Thursday, January 27, 2011

Idleness Is Not Waste

A common fallacy is to view all idle CPU cycles as wasted server capacity. It's not unusual for management and various bean-counters to display a reluctance to procure new hardware if unused cycles are clearly observable on existing hardware. This puts the pressure on sys admins to reduce idleness. Such is often the case during consolidation efforts: cram as many apps as possible onto a server to soak up every remaining CPU cycle.

All performance analysis and capacity planning is essentially about optimizing resource usage under a particular set of constraints. The fallacy is treating maximization as optimization. This mistake is further exacerbated if only one performance metric, i.e., CPU utilization, is taken into account: a common situation promoted by the superficiality of performance dashboards. Maximization doesn't necessarily mean 100% utilization, either. The same is true even if some amount of CPU capacity is retained as headroom for workload growth. The tendency to "redline" it can still prevail.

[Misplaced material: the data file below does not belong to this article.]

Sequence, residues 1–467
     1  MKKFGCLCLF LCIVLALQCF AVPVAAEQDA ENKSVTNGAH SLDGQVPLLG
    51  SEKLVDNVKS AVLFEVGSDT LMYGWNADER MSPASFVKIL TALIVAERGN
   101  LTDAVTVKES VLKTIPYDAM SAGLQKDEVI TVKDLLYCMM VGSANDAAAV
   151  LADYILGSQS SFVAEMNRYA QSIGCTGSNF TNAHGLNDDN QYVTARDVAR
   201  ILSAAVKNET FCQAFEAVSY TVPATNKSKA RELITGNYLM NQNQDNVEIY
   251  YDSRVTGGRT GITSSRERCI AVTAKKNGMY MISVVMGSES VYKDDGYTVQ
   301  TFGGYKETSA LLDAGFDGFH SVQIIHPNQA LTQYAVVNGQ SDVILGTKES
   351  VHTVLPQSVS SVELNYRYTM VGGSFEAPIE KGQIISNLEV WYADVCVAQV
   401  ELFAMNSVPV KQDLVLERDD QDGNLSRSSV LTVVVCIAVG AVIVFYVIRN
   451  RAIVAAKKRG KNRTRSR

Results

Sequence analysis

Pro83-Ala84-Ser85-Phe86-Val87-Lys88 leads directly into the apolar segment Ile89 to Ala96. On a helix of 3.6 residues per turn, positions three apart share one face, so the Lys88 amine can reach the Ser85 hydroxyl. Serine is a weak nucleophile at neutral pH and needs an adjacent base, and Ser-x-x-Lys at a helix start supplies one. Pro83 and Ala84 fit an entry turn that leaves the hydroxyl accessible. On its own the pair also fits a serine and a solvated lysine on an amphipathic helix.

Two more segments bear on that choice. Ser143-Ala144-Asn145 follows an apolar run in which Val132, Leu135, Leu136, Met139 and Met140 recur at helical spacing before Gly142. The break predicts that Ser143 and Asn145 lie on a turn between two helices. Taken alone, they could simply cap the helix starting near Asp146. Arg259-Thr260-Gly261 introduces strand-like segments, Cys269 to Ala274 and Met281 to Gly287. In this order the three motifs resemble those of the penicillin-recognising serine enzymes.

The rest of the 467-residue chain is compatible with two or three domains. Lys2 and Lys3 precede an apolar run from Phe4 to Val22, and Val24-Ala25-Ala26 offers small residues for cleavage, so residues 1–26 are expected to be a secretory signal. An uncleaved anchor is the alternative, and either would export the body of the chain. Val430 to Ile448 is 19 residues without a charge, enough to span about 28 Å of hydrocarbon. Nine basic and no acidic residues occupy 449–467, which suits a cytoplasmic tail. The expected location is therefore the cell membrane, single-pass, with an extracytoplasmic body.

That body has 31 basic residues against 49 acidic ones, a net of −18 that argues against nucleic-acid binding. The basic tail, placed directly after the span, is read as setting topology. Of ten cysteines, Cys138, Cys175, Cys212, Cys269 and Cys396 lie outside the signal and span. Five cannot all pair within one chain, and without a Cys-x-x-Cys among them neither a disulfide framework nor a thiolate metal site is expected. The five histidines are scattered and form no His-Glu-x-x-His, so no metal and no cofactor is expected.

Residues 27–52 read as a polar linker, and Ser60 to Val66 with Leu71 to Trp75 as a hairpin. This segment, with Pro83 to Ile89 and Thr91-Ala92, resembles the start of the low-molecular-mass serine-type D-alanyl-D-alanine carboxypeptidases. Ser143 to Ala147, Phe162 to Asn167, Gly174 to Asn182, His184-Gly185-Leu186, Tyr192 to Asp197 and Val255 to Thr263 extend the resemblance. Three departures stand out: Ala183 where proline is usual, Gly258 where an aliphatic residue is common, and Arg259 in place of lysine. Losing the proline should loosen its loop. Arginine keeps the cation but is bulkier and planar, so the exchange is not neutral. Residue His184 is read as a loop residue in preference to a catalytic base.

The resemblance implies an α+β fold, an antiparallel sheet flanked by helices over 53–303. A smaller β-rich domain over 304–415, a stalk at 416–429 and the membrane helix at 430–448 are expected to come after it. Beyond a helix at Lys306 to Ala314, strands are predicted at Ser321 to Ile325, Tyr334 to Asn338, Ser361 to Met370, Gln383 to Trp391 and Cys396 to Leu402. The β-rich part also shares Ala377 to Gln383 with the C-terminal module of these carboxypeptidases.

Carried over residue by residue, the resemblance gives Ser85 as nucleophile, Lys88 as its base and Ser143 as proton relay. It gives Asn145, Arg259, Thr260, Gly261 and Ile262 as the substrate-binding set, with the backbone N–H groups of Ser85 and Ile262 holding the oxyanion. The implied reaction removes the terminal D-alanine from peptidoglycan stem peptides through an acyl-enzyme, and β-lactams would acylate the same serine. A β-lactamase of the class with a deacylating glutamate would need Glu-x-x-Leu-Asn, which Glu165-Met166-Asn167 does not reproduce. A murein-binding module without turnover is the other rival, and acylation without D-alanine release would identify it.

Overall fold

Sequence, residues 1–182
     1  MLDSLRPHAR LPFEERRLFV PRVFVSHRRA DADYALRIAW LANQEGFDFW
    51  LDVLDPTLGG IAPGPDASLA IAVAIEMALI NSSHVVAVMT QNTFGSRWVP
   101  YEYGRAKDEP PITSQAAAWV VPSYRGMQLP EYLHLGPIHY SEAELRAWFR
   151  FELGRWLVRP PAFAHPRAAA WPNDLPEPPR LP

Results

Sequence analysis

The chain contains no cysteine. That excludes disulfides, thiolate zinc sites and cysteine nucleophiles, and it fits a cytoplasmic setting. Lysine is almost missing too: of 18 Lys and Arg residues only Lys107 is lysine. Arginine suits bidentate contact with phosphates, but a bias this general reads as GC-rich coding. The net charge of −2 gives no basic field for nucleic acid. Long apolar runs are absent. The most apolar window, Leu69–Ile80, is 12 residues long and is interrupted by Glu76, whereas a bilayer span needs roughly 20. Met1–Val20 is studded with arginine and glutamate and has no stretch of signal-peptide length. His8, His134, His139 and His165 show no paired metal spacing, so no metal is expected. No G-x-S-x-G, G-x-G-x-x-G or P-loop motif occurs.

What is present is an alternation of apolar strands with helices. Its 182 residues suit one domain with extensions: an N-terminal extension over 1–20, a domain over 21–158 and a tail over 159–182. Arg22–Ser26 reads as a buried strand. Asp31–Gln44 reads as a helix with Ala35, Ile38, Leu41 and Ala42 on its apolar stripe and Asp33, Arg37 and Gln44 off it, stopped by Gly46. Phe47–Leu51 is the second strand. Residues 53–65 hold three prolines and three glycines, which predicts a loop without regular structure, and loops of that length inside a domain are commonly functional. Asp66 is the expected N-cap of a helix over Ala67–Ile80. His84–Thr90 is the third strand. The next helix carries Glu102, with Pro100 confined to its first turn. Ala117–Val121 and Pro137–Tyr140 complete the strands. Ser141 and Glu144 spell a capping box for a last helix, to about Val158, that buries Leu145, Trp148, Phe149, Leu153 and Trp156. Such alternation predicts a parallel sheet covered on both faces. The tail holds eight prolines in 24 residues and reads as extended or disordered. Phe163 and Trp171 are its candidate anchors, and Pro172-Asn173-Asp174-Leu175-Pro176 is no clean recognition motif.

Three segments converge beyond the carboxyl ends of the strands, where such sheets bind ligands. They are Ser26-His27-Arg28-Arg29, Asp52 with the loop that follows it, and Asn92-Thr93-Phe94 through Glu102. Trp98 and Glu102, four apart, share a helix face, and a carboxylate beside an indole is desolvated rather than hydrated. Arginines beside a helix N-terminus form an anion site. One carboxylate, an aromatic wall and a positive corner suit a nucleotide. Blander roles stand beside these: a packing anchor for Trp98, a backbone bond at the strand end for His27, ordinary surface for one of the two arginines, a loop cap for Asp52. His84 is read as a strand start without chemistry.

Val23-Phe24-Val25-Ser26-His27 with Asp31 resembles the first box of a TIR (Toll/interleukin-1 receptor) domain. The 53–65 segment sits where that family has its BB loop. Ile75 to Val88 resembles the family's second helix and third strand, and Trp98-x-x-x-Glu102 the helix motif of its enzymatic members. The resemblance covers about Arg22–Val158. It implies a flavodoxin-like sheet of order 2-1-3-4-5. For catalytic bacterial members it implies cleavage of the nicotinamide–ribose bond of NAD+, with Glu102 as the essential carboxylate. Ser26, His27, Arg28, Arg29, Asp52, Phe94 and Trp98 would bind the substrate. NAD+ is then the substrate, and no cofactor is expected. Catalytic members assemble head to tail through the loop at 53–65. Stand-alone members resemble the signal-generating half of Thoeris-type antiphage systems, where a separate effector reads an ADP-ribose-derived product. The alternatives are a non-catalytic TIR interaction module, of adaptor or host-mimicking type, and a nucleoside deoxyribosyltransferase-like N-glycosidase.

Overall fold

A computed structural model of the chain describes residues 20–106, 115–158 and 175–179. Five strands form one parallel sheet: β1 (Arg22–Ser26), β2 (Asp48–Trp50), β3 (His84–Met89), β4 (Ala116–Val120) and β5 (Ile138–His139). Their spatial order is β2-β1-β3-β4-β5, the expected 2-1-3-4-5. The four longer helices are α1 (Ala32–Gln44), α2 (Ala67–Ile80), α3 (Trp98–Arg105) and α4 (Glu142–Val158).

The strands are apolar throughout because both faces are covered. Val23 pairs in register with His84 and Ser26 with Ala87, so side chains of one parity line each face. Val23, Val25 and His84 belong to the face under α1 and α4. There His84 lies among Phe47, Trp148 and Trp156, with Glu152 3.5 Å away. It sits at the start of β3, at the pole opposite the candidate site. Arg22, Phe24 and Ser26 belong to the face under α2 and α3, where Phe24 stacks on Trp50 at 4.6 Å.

You can't optimize a single number. Server utilization has to be optimized with respect to other measures, e.g., application response-time targets. We know from simple queueing theory that response time increases nonlinearly (the proverbial "hockey stick") with increasing server utilization. If the response-time goals are being met at 10% CPU busy, pre-consolidation, then almost certainly they will be exceeded at higher CPU utilization, post-consolidation. The response-time metric is an example of a cost that has to be taken into account to satisfy all the constraints of the optimized capacity plan.

Maximizing server utilization is as foolhardy as maximizing revenue. Both goals look attractive on their face, but if you don't keep track of outgoing CapEx and OpEx costs incurred to generate revenue, you could lose the company!

Wednesday, January 26, 2011